It's fair to say that Matthew McConaughey hasn't always made the best of career choices. Since beginning promisingly with a role in Dazed and Confused almost 20 years ago, the film appearances that followed sank him into a type cast of mediocrity. Rather than striving for anything more substantial, to fulfill the promise he had shown, he appeared content to complacently drift along which, by the way, was a type cast he often portrays; the 'easy going underachiever without-a-care-in-the-world'. Failing to appear in anything of notable quality means that when he does star in a film that's half decent, it's somewhat of a surprise to see him shine with his dormant acting ability.
The Lincoln Lawyer is just that film. In one of his better roles to date (which isn't difficult), the character of hot shot lawyer Mick Haller works for him because he works for the role. The story follows Mick as he shadily conducts his business from the back of his chauffeur driven Lincoln, which inevitably leads him to associate with typically questionable sorts.
McConaughey plays the part of a slick, smooth talking defence lawyer well, as it's the archetype he can recreate with ease. It's a role he's built for and excels as the smarmy city slicker who, after a couple of plot twists en route, is reduced to a nervous insomniac as we witness him morph into a paranoid, dishevelled and irrational person when put under the spot light himself.
The plot, based on the novel by Michael Connelly, is a clever and well balanced story, with just the right amount of twists and pacing to assert it as one of the most gripping thrillers of the year. Tomei does a worthy job as the emotionally involved ex-partner and shows she can handle a more meaty role after having mostly lightweight parts in recent years. Phillippe also masters the part of the brash and overly assured accused. Phillippe convinces as both the innocent victim as well as the sinister deceiver, displaying a hint of intensity in his performance. Aided by the good chemistry between himself and McConaughey as the story cranks up the tension, the acting adheres a sense of believability to the film. It isn't, however, likely to wow the Oscars panel, but all parties play their roles with a sense of swagger and conviction. Plot intricacies and some dialogue is, admittedly, 'law talk' but the bare essentials of what's occurring still renders it accessible for those unfamiliar with the judiciary spiel.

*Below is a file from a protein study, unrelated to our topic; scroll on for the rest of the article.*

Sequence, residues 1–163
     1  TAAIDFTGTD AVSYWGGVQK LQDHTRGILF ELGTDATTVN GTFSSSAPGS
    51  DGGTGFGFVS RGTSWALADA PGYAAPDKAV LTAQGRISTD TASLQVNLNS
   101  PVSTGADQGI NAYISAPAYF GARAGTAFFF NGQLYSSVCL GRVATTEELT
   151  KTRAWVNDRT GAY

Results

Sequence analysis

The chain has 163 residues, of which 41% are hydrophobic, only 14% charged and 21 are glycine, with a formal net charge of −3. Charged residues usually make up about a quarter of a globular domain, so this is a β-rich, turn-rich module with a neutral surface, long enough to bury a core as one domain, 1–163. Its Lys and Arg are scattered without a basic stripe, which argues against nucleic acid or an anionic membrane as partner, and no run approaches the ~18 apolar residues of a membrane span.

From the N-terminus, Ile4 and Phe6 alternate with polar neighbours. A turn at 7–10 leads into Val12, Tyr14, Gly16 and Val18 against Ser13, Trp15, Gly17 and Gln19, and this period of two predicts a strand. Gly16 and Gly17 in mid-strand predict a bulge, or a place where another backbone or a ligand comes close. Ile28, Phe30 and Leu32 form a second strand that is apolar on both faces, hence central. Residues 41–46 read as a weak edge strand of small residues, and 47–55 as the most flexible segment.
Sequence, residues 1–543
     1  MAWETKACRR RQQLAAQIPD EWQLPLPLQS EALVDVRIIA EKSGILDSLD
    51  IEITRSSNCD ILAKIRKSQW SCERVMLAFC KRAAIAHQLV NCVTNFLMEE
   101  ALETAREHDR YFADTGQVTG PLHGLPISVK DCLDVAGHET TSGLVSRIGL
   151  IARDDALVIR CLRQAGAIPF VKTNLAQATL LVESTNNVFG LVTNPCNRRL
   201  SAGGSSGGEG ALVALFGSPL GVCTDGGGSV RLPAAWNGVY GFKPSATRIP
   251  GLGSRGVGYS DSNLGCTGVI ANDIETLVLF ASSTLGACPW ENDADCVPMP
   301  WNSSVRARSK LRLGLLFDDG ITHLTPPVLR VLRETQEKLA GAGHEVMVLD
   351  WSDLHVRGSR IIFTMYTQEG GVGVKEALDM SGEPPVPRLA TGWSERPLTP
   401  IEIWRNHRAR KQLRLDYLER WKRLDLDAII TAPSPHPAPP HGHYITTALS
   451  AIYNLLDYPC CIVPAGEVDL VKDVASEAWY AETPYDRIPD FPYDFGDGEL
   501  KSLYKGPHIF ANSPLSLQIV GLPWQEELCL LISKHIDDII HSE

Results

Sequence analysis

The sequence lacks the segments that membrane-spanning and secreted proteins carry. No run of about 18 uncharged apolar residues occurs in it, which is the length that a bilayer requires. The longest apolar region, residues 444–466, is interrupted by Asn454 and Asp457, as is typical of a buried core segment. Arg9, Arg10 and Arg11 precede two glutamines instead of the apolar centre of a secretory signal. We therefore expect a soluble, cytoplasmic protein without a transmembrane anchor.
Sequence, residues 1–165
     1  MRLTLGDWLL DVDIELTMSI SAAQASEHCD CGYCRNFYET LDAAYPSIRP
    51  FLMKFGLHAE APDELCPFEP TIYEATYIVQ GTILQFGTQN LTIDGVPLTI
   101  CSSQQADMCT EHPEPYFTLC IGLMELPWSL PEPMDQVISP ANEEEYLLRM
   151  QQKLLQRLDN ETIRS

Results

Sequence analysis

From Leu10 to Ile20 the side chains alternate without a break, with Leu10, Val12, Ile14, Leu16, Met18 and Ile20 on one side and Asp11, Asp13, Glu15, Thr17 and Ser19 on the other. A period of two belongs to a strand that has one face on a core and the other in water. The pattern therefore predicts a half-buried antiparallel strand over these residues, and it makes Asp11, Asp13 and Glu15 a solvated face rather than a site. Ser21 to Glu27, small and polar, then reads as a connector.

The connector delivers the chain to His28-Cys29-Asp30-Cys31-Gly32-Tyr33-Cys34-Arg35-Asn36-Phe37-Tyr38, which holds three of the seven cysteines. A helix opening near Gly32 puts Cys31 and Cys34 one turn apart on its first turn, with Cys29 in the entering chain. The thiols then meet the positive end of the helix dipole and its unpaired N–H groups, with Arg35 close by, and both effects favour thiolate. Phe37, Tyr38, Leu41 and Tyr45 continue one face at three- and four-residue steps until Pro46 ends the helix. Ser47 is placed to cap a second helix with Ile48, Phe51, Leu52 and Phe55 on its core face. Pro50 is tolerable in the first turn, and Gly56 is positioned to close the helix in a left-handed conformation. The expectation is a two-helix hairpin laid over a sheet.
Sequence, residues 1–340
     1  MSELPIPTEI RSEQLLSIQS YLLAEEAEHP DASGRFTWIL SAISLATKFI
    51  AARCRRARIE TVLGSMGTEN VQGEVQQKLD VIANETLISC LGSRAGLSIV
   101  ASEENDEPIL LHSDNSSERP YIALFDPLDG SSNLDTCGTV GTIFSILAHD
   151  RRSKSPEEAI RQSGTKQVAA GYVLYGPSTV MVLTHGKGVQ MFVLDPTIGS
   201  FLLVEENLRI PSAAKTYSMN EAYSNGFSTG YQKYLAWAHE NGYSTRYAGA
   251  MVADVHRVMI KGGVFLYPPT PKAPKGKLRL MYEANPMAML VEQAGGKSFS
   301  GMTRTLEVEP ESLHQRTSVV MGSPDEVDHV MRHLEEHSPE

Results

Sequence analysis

Acting aside, the most pleasing aspect of The Lincoln Lawyer is how the genre morphs from uber tense thriller into courtroom drama for the remaining 45 minutes or so. The latter setting can be something of a turn off to some as, if not handled correctly, the story can get lost down a cul-de-sac of monotony. Thankfully, the pace and momentum of the first hour spills into the climactic days of Phillippe's trial as he twists and manipulates Mick whilst cleverly remaining on the right side of the law. Never does it feel laboured, whilst the threat is both psychological as well as physical, it's down to the quick thinking, king of legally-screwing-people-over-in-courts Mick to ironically find one of his many loop holes used to defend his clients. The element of danger is only exacerbated when Maggie's life, as well as his own, is threatened, which adds urgency to the climax.
Sources : Internet Movie Database
Images : Google Images